The moniker ‘Noname’ has been splashed across social media feeds all week due to an ongoing saga with J. Cole, and now Chance The Rapper is defending her name. But who is Noname, what’s her claim to fame, and what’s the source of this brewing rap beef with J. Cole?
28-year-old Chicago rapper, poet, and producer Fatimah Warner is the vocal and outspoken woman behind the alias. She’s also the alleged “young lady” whose “timeline” J. Cole scrolled through before penning his subtle reproach to her comments on “Snow On Tha Bluff.” Her early efforts have received rave reviews, boasting an album, mixtape, and features with the likes of Chance the Rapper and Mick Jenkins.
Last month, she tweeted about top-selling rappers whose discographies be about black plight but were notably absent for #BlackLivesMatter protest, which many fans speculated was a jab at Kendrick Lamar and J. Cole. When the latter dropped “Snow On Tha Bluff” late Tuesday night, confessing his inadequacies yet coming for Noname’s crown and “queen tone,” the subtweet context was all too obvious, and fans have been dragging the Lafayette native ever since. Noname has since acknowledged the release, tweeting a cryptic message, “QUEEN TONE!!!!!!” before quickly deleting the post and sending fans and the Twitterverse into a feedback frenzy.
J. Cole responded to the reactions by saying he “stands behind every word of the song dropped last night,” which essentially mocked Noname’s critical tenor, insisting that she exercise patience in her teachings of Black men. “Some assume to know who the song is about, that’s fine with me, it’s not my job to tell anybody what to think or feel about the work. I accept all conversation and criticisms. But let me use this moment to say this. Follow @noname. I love and honor her as a leader in these times. She has done and is doing the reading, and the listening and the learning on the path that she truly believes is the correct one for our people,” he said in a Twitter thread on Wednesday.
Journalists, influencers, and the entire Twitterverse have clapped back at the track and rationale, labeling Cole as tone-deaf, misogynistic, offensive, and sexist, with the ire now registering among fellow musicians. Chance The Rapper, who has worked with both artists in the past, entered the group chat and came to his Chicago cohort’s defense. “Yet another L for men masking patriarchy and gaslighting as contsructive criticism,” he shared. “They both my peoples but only one of them put out a whole song talking about how the other needs to reconsider their tone and attitude in order to save the world. It’s not constructive and undermines all the work Noname has done. It’s not BWs job to spoon feed us. We grown.”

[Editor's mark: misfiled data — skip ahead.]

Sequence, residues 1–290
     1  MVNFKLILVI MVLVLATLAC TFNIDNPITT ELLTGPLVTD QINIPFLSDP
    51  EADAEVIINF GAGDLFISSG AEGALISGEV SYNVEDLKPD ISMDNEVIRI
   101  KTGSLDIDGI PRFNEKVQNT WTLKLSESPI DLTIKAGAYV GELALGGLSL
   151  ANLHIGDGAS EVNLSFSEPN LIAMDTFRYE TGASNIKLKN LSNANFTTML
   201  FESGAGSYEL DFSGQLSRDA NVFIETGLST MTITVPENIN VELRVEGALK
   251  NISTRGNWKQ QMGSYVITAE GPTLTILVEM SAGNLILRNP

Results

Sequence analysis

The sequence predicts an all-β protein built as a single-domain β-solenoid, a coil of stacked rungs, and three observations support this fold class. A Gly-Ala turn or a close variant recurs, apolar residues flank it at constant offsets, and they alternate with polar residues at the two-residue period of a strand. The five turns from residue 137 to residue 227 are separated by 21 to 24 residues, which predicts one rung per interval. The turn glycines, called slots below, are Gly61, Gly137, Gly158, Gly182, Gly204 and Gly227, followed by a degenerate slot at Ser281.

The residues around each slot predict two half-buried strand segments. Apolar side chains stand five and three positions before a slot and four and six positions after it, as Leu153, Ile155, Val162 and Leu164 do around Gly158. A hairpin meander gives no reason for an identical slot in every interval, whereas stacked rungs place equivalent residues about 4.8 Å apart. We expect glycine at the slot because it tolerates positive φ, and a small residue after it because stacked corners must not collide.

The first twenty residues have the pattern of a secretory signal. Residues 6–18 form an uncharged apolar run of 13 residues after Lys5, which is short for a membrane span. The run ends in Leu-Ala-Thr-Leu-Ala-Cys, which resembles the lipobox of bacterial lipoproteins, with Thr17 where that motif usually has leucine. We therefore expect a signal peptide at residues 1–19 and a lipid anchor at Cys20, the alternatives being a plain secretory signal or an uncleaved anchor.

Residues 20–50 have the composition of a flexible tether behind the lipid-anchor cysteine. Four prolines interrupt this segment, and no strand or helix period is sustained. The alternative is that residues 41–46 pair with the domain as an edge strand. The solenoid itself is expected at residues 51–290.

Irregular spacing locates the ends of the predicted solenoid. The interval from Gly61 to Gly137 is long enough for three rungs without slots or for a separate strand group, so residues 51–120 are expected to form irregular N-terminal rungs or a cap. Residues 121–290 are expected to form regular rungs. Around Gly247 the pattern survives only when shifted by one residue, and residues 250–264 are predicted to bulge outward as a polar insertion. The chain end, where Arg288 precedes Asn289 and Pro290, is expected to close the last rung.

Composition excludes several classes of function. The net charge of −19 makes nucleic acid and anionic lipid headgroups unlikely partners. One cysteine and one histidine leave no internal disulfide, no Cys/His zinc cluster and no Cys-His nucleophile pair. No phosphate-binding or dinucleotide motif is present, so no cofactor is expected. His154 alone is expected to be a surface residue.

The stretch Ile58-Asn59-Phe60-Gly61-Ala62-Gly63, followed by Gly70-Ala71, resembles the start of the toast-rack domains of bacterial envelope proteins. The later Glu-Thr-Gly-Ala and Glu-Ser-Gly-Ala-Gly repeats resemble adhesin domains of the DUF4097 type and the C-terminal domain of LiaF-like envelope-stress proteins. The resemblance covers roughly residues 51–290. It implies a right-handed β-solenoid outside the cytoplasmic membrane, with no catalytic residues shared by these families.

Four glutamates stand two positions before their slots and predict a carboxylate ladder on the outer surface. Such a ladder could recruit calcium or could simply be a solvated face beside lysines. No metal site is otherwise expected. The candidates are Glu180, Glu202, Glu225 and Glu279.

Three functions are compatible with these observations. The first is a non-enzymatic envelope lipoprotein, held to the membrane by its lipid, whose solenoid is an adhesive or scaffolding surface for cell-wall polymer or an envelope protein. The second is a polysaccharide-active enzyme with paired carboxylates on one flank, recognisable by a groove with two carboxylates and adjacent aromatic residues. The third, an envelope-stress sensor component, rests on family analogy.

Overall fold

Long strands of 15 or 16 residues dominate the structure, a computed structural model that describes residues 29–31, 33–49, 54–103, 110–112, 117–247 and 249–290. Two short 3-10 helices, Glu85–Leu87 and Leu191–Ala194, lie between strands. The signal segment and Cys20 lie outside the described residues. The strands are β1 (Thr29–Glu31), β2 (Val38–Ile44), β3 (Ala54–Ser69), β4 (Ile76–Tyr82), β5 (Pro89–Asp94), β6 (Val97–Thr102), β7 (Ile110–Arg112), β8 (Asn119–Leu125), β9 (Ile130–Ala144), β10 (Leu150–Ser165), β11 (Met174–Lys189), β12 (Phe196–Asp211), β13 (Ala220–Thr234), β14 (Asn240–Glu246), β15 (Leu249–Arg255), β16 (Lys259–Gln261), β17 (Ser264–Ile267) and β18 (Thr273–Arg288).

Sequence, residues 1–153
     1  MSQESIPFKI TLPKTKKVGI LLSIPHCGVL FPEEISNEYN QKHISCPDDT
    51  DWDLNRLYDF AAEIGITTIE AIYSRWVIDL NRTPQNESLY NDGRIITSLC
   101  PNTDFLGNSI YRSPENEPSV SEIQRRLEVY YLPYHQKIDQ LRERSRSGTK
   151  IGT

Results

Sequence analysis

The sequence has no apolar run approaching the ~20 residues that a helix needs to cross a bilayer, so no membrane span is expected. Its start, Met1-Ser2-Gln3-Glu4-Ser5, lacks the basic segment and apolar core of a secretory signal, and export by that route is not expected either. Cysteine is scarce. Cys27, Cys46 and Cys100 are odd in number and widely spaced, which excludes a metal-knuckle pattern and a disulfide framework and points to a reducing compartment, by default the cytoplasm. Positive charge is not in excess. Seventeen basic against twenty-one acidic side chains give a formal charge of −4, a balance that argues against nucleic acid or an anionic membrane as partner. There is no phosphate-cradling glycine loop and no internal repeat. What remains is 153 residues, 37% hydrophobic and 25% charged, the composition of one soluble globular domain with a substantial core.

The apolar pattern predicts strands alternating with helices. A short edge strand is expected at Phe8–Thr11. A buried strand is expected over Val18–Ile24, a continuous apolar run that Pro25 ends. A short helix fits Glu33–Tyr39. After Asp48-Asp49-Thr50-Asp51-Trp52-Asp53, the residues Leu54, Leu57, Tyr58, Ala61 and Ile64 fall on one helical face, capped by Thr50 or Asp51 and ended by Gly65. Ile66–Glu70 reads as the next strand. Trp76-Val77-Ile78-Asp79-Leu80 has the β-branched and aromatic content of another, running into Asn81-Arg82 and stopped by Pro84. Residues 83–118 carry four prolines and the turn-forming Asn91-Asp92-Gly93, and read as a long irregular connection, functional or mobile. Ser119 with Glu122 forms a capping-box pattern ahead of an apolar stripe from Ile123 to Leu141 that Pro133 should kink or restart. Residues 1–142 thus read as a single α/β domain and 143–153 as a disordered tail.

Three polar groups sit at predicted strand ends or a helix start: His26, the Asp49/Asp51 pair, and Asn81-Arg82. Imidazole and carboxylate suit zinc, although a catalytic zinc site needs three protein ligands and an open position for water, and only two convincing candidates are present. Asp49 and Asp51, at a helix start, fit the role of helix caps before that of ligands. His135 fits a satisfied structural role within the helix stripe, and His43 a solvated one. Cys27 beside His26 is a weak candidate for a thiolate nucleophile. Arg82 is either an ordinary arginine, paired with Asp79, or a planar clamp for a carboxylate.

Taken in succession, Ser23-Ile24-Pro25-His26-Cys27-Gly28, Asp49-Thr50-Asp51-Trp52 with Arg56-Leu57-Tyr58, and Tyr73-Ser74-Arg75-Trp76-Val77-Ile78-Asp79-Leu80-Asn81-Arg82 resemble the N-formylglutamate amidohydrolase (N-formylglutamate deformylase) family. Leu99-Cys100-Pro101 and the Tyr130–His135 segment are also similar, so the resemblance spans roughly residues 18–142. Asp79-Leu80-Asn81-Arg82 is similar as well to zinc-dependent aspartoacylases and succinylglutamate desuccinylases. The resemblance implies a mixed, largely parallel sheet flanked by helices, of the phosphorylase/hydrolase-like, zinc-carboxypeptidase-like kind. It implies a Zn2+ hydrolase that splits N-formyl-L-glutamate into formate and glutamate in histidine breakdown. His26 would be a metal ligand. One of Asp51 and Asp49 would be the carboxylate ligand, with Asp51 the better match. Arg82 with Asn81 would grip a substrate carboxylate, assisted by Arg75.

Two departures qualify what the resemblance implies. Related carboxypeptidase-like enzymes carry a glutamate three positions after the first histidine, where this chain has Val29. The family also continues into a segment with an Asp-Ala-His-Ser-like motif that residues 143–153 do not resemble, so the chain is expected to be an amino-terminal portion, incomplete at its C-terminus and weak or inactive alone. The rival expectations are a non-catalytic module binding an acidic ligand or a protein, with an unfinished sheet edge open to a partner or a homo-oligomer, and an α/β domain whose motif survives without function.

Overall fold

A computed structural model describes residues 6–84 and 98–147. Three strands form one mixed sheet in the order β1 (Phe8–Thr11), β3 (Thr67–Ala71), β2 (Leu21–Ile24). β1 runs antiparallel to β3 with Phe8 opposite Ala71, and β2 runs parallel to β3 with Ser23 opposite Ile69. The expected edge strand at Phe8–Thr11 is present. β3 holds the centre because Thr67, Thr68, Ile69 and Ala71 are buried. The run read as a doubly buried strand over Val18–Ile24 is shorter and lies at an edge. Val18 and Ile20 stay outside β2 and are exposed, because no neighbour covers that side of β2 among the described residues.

When asked why he didn’t approach Cole “like a man,” away from all the eyeballs, he clapped back with “U mean like how he privately addressed Noname? He ended the Twitter tit for tat with “We can have different points of view on things. I’m not tearing anyone down, I just think it was wrong to make a song about her. I can’t feel any other way about it.”
Fellow Chicago rapper Earl Sweatshirt also stepped in to add his two cents. He mentioned “Black women’s searing pain” that makes Cole’s comments especially callous and insensitive at this time, citing the recent murder of 19-year-old Black female activist Oluwatoyin Salau. He also called out the fans who see Cole as their “elected representative” despite his shortcomings and pointed out that Noname started a “real life, in the flesh book club” to educate people on the cause.
J. Cole’s manager, Ibrahim “Ib” Hamad, has also weighed in, claiming that his artist is “not under attack lol some people disagree with his message, or disagree with how he went about it or just don’t like him already and I respect that. I know what the intention of his message was and I agree with him, I think some people see it differently and that’s fine.”
Still, this saga isn’t going away anytime soon, and there’s a good chance that Noname will respond, whether in a song or a statement. This is one of few times that J. Cole comes under criticisms since his raps tend to be on the substantive side, earning him a consistent place among the top 5 of the current generation of rappers.